Bongino: How to Run as a Conservative, Contrary to Party Advice

By Dan Bongino originally posted at

Imagine this, you are a foot soldier in a battle where the opposing army fields 190,000 soldiers to your 138,000. Not only are you out-manned, but the opposing army is funded by one of the wealthiest landowners in the region, and the battlefield you are fighting on is surrounded by hostile forces.

Sounds ominous, doesn’t it? This scenario is analogous to the landscape I was facing in my fight to reclaim Maryland’s Sixth Congressional District for the Republican Party. The district, grotesquely gerrymandered in 2010 to virtually ensure Democratic dominance, comprises 190,000 Democratic voters and 138,000 Republican voters and is the ninth largest in the country. Adding to the challenges for any Republican choosing to run there is the personal wealth of the current Democratic occupant of the House seat. Rep. John Delaney, who is the third wealthiest member of Congress and was president of the 2012 freshman class of House Democrats. Combine all of these disadvantages with the fact that the Sixth District is in deep-blue Maryland and contains large swaths of the left-leaning Washington, D.C. suburbs and you have a recipe for lopsided Republican losses.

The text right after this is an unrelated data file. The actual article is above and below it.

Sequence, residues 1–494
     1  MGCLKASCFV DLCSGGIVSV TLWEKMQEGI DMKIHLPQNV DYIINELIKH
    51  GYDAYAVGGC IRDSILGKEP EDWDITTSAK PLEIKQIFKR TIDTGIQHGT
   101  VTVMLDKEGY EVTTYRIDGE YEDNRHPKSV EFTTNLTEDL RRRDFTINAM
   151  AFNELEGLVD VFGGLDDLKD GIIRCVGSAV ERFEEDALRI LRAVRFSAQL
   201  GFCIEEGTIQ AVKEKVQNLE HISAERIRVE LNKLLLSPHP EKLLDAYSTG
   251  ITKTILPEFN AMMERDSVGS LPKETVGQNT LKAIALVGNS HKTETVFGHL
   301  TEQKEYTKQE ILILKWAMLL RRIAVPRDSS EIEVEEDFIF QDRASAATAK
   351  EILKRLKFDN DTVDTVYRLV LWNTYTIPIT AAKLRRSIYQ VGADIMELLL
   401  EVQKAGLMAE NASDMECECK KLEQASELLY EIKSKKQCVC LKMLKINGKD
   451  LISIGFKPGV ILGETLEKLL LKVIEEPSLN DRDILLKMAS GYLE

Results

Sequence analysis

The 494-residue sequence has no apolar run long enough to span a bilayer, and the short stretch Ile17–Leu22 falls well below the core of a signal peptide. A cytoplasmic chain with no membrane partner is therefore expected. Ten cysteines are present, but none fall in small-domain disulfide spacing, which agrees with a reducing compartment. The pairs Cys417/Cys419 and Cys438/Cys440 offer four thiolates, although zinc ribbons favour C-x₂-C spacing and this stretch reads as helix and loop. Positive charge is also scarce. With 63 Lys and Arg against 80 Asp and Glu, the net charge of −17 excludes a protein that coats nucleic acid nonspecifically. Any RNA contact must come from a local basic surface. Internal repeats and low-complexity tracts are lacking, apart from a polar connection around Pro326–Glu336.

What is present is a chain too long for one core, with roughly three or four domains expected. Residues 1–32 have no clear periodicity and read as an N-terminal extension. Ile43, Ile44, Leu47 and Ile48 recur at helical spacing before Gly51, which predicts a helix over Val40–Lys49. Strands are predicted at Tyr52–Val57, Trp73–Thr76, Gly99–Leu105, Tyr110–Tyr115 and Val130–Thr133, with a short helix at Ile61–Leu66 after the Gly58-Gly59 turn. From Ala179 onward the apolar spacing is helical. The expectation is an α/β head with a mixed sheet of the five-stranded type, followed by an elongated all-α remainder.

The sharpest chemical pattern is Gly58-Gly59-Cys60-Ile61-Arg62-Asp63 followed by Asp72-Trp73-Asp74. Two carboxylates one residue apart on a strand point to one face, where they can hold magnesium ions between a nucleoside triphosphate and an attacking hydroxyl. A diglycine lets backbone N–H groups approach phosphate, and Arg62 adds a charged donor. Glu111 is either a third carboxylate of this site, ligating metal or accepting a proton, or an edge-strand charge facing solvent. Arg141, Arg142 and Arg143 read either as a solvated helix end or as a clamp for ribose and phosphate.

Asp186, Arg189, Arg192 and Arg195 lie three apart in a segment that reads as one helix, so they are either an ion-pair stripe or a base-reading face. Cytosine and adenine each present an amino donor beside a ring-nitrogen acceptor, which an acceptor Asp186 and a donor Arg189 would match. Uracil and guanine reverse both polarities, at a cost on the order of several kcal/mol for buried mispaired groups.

Despite these challenges, I chose to run an unapologetically Libertarian/Conservative campaign in Maryland’s Sixth Congressional District and, although I conceded the race, we are down to counting the remaining absentee ballots to determine just how close we came to pulling off an upset. I’ve seen a lot of “To Do” lists through the years but, in the interests of providing some potentially helpful information for readers and future candidates I decided to put together a “To Don’t” list, or a list of things either not to do, or not to expect, if you decide to run for office in a tough district.